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Earth Sciences and Mathematics

Part of the series Pageoph Topical Volumes pp 1131-1151

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Steric Sea-Level Change and its Impact on the Gravity Field caused by Global Climate Change

  • Sabine RoedelspergerAffiliated withInstitute of Physical Geodesy, Darmstadt University of Technology
  • , Michael KuhnAffiliated withWestern Australian Centre for Geodesy and The Institute for Geoscience Research, Curtin University of Technology
  • , Oleg MakarynskyyAffiliated withWestern Australian Centre for Geodesy and The Institute for Geoscience Research, Curtin University of TechnologyAsia-Pacific Applied Science Associates
  • , Carl GersteneckerAffiliated withInstitute of Physical Geodesy, Darmstadt University of Technology

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Abstract

It is sometimes assumed that steric sea-level variations do not produce a gravity signal as no net mass change, thus no change of ocean bottom pressure is associated with it. Analyzing the output of two CO2 emission scenarios over a period of 2000 years in terms of steric sea-level changes, we try to quantify the gravitational effect of steric sea-level variations. The first scenario, computed with version 2.6 of the Earth System Climate Model developed at the University of Victoria, Canada (UVic ESCM), is implemented with a linear CO2 increase of 1% of the initial concentration of 365 ppm and shows a globally averaged steric effect of 5.2 m after 2000 years. In the second scenario, computed with UVic ESCM version 2.7, the CO2 concentration increases quasi-exponentially to a level of 3011 ppm and is hold fixed afterwards. The corresponding globally averaged steric effect in the first 2000 years is 2.3 m. We show, due to the (vertical) redistribution of ocean water masses (expansion or contraction), the steric effect results also in a small change in the Earth’s gravity field compared to usually larger changes associated with net mass changes. Maximum effects for computation points located on the initial ocean surface can be found in scenario 1, with the effect on gravitational attraction and potential ranging from 0.0 to −0.7·10−5 m s−2 and −3·10−3 to 6·10−3 m2 s−2, respectively. As expected, the effect is not zero but negligible for practical applications.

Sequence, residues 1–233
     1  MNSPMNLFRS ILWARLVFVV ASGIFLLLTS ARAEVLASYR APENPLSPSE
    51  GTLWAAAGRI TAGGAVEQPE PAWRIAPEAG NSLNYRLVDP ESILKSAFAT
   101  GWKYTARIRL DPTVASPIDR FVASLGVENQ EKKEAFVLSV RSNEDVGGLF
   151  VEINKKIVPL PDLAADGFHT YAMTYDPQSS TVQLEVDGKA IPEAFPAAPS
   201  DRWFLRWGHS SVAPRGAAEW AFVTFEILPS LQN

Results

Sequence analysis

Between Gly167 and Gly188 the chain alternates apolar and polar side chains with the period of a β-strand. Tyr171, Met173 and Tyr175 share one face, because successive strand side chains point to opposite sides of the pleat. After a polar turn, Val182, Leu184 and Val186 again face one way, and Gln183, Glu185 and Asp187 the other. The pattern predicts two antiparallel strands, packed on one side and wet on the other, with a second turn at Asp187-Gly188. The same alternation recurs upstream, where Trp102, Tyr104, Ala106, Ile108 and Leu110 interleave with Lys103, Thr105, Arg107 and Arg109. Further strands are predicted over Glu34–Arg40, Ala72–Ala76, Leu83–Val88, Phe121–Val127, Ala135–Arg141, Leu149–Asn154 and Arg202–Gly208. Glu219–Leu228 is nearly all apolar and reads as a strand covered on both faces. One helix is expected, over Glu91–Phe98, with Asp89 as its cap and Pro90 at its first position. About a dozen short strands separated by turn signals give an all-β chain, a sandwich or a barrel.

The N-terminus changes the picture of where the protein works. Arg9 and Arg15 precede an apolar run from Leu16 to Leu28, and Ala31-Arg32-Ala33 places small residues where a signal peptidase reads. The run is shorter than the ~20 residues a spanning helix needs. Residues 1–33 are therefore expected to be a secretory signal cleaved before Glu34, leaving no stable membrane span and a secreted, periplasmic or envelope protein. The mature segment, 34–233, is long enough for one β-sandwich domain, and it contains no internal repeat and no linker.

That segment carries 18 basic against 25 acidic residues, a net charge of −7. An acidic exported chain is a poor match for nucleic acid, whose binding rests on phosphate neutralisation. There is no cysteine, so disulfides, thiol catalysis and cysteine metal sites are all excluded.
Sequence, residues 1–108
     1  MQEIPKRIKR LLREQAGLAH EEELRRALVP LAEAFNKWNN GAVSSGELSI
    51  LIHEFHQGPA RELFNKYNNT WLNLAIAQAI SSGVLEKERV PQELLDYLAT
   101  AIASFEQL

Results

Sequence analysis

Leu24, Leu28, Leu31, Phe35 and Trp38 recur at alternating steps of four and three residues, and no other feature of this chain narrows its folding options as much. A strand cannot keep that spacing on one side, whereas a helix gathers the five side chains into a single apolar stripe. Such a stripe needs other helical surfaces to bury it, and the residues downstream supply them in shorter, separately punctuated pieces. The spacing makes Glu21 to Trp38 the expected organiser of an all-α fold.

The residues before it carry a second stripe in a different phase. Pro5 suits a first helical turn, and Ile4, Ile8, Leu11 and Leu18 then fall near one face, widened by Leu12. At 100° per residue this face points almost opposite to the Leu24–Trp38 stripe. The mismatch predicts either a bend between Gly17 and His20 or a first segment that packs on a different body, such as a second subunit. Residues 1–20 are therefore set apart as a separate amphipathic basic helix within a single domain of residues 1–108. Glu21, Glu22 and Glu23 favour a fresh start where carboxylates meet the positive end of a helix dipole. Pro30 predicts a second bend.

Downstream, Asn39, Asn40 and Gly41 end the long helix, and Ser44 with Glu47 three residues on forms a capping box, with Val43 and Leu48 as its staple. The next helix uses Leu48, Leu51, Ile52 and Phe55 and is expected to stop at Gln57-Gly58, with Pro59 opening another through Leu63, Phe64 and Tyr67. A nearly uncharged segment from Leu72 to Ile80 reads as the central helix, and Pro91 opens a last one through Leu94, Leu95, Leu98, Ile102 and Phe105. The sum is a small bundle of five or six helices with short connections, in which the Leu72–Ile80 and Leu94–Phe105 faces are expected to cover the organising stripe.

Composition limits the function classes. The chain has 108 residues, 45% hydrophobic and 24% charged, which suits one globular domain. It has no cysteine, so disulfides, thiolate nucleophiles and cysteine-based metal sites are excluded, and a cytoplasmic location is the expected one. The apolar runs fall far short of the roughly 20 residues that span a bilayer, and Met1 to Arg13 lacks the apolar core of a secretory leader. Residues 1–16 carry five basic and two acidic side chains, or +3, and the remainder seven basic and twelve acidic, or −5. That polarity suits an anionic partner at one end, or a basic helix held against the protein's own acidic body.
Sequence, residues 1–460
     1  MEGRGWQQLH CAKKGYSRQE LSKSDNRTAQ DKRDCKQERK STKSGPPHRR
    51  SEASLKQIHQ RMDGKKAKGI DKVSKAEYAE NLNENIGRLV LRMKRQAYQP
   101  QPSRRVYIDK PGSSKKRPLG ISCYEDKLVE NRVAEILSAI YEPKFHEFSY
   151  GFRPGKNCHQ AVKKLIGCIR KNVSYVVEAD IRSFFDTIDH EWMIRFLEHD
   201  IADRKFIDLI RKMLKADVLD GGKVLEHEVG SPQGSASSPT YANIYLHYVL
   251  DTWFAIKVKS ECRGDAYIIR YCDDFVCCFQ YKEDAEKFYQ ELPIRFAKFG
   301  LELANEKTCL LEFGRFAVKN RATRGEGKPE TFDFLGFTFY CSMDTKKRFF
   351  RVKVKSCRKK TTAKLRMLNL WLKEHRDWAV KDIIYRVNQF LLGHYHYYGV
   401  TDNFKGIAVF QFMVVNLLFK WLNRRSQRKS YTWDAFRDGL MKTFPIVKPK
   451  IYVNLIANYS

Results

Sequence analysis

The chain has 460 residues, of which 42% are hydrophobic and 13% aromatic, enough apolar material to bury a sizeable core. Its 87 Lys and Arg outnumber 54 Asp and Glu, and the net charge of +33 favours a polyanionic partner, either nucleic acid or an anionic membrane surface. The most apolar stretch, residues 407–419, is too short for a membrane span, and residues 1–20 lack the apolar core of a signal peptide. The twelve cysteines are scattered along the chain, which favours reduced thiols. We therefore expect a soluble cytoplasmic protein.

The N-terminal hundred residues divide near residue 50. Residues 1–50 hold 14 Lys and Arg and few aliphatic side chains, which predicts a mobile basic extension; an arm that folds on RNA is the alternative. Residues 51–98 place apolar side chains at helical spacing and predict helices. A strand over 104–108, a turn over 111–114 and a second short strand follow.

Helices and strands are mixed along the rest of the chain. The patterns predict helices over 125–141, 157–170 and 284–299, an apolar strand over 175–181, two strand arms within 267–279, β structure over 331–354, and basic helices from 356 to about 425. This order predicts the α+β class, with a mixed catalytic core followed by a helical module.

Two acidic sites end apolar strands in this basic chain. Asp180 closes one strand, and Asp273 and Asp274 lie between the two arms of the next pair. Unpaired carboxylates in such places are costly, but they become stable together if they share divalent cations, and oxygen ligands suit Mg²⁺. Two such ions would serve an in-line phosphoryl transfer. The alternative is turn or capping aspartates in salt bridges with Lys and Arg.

Key Words

Global warming climate model sea level change steric effect gravity field change